But on the way to codification we’ve replaced some of the old rape myths with this new one: That consent is just a hurdle you have to clear in order to Get The Sex.
But on the way to codification we’ve replaced some of the old rape myths with this new one: That consent is just a hurdle you have to clear in order to Get The Sex. That's where all these consent apps come from. You know, the ones that are introduced every six months or so to great fanfare only to immediately go down in flames because they all imagine a world in which people sit down together in front of a phone before they Have Sex, and then once they’ve recorded themselves consenting that’s that. BOOM. Consensual Sex. In the process, we’ve forgotten that enthusiastic consent is so much more than a string of legal language — it’s a humanizing ethic of sex.
Real consent requires us to really be present when we’re having sex with someone. It requires us to see our sex partners — whether they be anonymous hookups or life partners — not simply as instrumental to our own pleasure but as co-equal collaborators, equally human and important, equally harmable, equally free and equally sovereign.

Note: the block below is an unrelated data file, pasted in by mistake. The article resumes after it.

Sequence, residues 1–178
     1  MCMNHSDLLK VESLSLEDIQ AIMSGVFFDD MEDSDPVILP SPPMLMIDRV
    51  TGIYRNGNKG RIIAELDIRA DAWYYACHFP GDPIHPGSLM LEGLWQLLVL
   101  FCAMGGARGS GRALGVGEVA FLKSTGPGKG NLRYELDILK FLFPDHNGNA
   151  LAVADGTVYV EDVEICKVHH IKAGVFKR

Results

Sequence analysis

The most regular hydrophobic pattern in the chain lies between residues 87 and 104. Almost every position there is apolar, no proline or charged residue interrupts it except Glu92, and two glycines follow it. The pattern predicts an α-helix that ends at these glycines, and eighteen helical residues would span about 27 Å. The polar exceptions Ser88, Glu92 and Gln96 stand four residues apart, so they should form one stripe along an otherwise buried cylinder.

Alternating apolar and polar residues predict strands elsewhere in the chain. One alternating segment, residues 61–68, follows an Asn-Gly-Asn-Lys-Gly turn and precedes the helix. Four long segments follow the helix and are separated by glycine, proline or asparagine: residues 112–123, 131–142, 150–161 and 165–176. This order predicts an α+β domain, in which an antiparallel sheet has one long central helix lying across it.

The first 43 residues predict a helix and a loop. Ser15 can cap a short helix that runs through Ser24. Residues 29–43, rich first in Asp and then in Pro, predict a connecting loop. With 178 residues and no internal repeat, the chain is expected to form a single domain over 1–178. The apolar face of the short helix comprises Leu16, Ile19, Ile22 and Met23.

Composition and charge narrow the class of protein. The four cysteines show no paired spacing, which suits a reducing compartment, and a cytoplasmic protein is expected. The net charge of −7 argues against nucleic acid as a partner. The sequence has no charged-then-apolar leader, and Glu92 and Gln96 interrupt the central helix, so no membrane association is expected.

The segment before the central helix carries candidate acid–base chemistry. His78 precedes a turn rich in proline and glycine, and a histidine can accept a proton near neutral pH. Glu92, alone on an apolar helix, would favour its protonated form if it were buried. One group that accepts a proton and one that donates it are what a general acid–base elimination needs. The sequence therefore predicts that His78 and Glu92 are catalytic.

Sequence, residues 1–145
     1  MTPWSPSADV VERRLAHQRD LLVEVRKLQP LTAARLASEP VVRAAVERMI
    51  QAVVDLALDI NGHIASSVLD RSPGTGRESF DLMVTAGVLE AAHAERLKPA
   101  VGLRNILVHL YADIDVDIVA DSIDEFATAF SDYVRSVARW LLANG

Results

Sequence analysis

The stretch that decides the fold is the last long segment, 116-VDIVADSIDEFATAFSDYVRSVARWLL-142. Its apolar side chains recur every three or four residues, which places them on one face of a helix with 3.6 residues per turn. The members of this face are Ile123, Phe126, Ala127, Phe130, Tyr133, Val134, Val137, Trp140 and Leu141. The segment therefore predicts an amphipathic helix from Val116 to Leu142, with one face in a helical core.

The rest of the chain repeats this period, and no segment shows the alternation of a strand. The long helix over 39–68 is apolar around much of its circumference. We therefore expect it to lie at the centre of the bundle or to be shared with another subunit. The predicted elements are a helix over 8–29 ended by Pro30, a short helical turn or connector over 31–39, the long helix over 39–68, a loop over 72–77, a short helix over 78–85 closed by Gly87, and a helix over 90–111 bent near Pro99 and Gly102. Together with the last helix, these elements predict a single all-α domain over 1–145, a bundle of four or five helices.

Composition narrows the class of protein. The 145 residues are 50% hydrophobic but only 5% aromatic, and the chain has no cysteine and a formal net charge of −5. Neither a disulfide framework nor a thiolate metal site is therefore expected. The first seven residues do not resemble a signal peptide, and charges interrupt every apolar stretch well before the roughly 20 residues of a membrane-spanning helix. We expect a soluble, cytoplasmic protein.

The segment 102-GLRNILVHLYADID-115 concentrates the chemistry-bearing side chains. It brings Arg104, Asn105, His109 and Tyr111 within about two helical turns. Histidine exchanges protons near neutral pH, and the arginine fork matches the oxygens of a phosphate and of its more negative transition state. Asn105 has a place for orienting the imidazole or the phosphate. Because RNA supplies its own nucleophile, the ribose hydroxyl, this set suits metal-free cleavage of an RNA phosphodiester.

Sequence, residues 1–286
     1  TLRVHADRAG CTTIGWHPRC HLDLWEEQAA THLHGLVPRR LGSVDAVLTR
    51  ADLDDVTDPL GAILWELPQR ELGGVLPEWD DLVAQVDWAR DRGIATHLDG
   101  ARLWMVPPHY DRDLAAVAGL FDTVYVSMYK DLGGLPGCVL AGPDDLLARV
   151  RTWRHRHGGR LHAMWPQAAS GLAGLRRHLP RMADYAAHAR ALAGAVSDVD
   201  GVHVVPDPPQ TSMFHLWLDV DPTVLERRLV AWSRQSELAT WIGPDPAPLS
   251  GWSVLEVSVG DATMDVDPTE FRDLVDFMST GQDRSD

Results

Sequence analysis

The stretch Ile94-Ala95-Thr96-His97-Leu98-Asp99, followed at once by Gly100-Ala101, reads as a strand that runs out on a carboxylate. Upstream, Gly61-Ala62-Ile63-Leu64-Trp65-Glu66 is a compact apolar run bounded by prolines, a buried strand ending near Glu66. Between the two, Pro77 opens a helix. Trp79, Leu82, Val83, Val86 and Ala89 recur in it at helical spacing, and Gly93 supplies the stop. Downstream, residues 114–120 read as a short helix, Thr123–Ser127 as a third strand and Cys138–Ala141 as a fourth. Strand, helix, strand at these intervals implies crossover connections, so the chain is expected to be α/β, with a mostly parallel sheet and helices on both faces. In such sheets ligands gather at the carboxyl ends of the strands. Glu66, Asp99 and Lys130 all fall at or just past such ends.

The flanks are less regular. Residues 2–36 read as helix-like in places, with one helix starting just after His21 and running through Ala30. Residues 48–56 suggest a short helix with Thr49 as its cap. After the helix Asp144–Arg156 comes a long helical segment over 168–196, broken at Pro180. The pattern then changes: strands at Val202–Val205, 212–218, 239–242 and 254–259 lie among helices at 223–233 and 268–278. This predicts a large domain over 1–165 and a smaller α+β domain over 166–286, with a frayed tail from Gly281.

For many of us, after growing up with so much toxic and often contradictory messaging around sexuality, being able to engage in that kind of seeing requires us to make a profound personal shift. First, and most centrally, we have to get to a place where we only want to have sex with people who are genuinely into having sex with us. If that sounds like too low of a bar, it’s because we all know, factually, that decent people don't want to have sex with people who aren't into it. But real consent requires us to go deeper. Do you approach sex as a collaborative process, or as a personal accomplishment? When your friend tells you they had sex last night, do you high five them? Or do you ask them how it was for everyone involved?